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  • paint questions

    I wasn't quite sure if paint questions should go here or if it was technical enough for the Technical forum, but what the hell.

    My '53 Starliner has the original Coral-Red-with-Monterey-Beige-top paint underneath cheesy bluish paint which is so thin in spots the original is showing through a little. Unlike many people (to judge by restored examples) I'm not all that wild about the original scheme, but it's not awful, and original paint is original paint. In your experience, can later paint be scraped or buffed off, especially if it wasn't all that well applied to begin with?

    The other paint question I have is about the trunk lifting bar, which of course reads STUDEBAKER in raised lettering in a recessed area. I've had it rechromed, but they didn't do the black paint on the recessed area or the white paint on the letters. Anyone have any recommendations for technique or type of paint for me to do this?

    Many thanks!

  • #2
    For painting on chrome I use a fine sand paper & make sure it does its job, if it falls of later you just do it over again, it's a light job anyway.
    For the blue paint: take some rough sponge & try where it doesn't show.
    sigpic

    Josephine
    -55
    Champion V8
    4d sedan

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    • #3
      When I paint the recessed areas on chrome I just clean it well and paint with a thinned enamel model paint. The paint will run down into the letters and mine has lasted well. If you get any on the raised surface just carefully wipe it with a soft cloth stretched over your finger tip.
      sigpic

      "In the heart of Arkansas."
      Searcy, Arkansas
      1952 Commander 2 door. Really fine 259.
      1952 2R pickup

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      • #4
        I spray a little bit of etch primer, a very light coat, then using automotive single stage paint with hardener, dab it in the recess. let it dry, and as 52-fan stated, wipe it with a lacquer thinner rag over the chrome. The thinner will not harm the chrome. Just a damp rag will do it.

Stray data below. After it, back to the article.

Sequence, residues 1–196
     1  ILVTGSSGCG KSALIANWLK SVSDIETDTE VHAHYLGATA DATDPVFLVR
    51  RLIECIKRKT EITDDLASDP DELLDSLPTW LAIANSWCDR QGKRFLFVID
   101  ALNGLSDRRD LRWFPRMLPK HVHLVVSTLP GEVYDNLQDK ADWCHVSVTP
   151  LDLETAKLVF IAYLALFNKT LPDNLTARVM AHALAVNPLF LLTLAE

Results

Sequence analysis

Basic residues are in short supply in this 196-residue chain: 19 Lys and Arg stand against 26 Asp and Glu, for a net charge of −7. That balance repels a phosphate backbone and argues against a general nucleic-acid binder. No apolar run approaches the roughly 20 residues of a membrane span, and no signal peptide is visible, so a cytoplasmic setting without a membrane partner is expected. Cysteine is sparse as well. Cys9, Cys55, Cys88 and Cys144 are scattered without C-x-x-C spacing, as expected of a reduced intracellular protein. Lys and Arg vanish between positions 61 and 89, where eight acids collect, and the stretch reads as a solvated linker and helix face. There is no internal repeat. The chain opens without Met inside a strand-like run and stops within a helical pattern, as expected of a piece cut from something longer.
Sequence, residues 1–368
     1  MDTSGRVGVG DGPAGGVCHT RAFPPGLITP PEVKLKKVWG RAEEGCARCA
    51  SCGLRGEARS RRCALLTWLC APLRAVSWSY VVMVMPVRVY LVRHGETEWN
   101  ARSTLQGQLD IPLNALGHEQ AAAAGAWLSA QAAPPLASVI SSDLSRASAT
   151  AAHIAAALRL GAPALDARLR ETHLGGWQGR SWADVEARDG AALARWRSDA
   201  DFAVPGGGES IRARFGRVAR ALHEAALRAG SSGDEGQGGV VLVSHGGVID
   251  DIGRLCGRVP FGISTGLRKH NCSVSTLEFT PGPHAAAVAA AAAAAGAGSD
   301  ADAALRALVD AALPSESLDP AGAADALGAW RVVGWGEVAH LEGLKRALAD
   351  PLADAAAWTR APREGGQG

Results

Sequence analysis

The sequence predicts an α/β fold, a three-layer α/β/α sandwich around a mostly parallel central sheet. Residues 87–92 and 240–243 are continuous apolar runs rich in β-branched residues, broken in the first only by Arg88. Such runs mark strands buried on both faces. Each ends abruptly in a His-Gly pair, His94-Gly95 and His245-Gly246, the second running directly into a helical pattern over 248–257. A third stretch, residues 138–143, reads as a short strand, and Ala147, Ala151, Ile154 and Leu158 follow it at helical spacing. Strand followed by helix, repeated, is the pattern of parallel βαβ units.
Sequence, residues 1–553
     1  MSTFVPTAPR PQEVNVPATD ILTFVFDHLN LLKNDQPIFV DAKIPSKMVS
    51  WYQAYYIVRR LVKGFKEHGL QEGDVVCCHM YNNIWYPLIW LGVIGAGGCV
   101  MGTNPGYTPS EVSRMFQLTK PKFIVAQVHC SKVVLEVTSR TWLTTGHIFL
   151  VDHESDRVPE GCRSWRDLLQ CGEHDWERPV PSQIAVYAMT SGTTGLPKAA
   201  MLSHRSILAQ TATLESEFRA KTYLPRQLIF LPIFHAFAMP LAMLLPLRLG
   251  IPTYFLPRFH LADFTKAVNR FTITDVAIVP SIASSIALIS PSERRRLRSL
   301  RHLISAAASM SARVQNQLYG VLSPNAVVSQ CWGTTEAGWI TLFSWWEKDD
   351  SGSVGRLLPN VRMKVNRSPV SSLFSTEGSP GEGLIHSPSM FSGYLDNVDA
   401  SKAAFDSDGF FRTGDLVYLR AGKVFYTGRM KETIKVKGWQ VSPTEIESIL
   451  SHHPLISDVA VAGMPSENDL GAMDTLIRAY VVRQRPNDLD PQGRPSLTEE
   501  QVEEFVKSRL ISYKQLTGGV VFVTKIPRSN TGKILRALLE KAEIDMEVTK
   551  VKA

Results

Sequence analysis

Jim
        "We can't all be Heroes, Some us just need to stand on the curb and clap as they go by" Will Rogers

        We will provide the curb for you to stand on and clap!


        Indy Honor Flight www.IndyHonorFlight.org

        As of Veterans Day 2017, IHF has flown 2,450 WWII, Korean, and Vietnam Veterans to Washington DC at NO charge! to see
        their Memorials!

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        • #5
          Originally posted by Noxnabaker View Post
          For painting on chrome I use a fine sand paper & make sure it does its job, if it falls of later you just do it over again, it's a light job anyway.
          For the blue paint: take some rough sponge & try where it doesn't show.
          What kind of rough sponge? I think some have grit embedded.

          By the way, thanks for the answers, everyone!

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          • #6
            Not sure about "washing the paint off" idea. I'm sure there will be areas of repair and primer uncovered as you go through the "cheesy blue" paint. Depending on how much effort you want to put into it, best case scenario is it will be mostly original color with blue lines at all the joints where panels are bolted together. If you feel you must, first try some lacquer thinner on a not easily seen part. If the original enamel paint on the car underneath is all still there, it won't be hurt by it and maybe you can just remove the "paint job" that way, but be prepared to be disappointed.

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            • #7
              Purchasing an "ink eraser" (or "ball point pen eraser") at the dollar store was my answer to roughing up chrome just enough to let the paint adhere in the chrome. One can get into the corners without roughing up the surrounding area. Model car paint has always worked when I didn't have any lettering enamel around.